11. Carrie in Scotland*

    OP, please follow Alison’s advice and if you are nice to the jobseeker, let us know if they reply to your email/advice. I think AAM should be obligatory for career centres if they are generally giving this advice out.

  12. Dee*

    If there’s a silver lining here at all, I’m at least glad she spelled “fourth” correctly instead of saying “forth.”

  13. KayDay*

    It is so kind of the OP to offer to give some feedback–not just for the sake of this applicant, but for the sake of any other employer said applicant is also (or will also) harass. Please do give her kind advice, but also be sure to be assertive in stating that you do not have an opening for which she is qualified (at this time). It’s hard to tell if the applicant is merely misguided or if she is misguided and has boundary issues, so be clear that this is advice, not an veiled interview.

  14. Chaucer*

    It sounds like the applicant is suffering from a combination of misguided advice and failing to distinguish the difference between being persistant and being pushy. A lot of people I know have problems with the latter, so I can summarize it in this best way.

    Persistance is when you do something repeatedly with the means of solving a problem or improving yourself. Staying up late to figure out a math equation, reading a challenging novel, improving your Chess game, or even finishing a tough video game are all things that require persistance. Being pushy is when you do something repeatedly to try to convince another person of reciprocating with what you want, be that in job searching, dating or debate. It doesn’t help that popular Hollywood romance movies usually involve a guy who gets repeatedly rejected but keeps pursing her until she eventually says yes and falls in love. It sounds romantic and happy, but it’s very, very unrealistic; and at best you’ll have someone who will ignore you completely or worse administer a restraining order on you.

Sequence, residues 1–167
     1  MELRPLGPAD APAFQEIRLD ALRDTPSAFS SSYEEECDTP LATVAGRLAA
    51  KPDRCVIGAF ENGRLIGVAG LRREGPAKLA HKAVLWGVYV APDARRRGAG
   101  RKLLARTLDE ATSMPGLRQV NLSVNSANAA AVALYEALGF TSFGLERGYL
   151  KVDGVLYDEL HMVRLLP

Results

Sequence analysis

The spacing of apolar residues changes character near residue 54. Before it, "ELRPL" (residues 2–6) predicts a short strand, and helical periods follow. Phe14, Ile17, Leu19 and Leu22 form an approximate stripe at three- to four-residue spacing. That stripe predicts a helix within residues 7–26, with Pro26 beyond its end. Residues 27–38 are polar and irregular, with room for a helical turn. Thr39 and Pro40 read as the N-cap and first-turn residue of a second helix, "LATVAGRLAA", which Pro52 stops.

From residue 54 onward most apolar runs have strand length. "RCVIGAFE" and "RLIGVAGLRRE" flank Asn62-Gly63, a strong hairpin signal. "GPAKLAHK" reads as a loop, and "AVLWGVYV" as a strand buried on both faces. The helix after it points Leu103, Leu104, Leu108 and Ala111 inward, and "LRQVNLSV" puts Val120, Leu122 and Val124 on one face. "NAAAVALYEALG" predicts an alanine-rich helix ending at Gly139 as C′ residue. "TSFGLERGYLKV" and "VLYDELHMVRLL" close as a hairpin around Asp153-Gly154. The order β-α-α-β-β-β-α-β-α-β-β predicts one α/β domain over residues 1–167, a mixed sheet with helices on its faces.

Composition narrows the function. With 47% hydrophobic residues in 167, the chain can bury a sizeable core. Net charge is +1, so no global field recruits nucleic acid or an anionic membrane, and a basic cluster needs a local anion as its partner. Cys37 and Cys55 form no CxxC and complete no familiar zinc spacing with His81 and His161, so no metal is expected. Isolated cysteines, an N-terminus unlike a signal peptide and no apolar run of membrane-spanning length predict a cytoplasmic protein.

In helping the applicant, I think not only should the OP help out the applicant by nicely stating why she is hurting herself more than helping, but also the difference between persistance and pushy.

    1. AG*

      Good evaluation. Unfortunately there is so much bad advice! I was at a party the other day and the subject of job searching came up since I am in the process. A friend of my father’s was telling me that he would never apply to a job unless he could get someone on the phone. I (gently) told him that while that may work for him due to his status/industry, most job postings that I’m looking at say “no phone calls” and mean it.

  15. AG*

    Oh also OP I think it’s great that you want to help this person, but be very clear that it’s not an interview!

  16. SE*

    As someone in the midst of a long job search I can testify that what this poor job-seeker is doing is EXACTLY what I have been told to do. Thank goodness I haven’t taken that advice, but it’s advice I have received from multiple family members and websites… and “Gilmore Girls”…

    Finding a job is so difficult and goodness knows that at this point I would resort to saying tacky things like, “Give me a chance to wow you!” if I thought they would help!

  17. K.*

    Phew…this kind of approach is EXACTLY the advice I have been given from my parents and from other job-seeking advice places. And I have tried this approach before too! I feel really embarrassed about it too now, after reading through all of the comments. I never felt quite right taking that approach, so I just want to say how exceptionally relieved I am to hear that that sort of persistence is not what hiring managers are looking for (especially after figuring out firsthand that it doesn’t work).

    I think it’s really kind of the OP to want to give her advice on changing her approach. If it’s worded the right way (that it’s not an interview but they want to help her out with a few tips), hopefully she’ll be quite grateful for the advice, or even just a reply from a human being. That in itself is hard to get in the job market these days!

  18. Anonymous*

    If this has not taken place yet, please proceed with caution. This person could actually be unstable!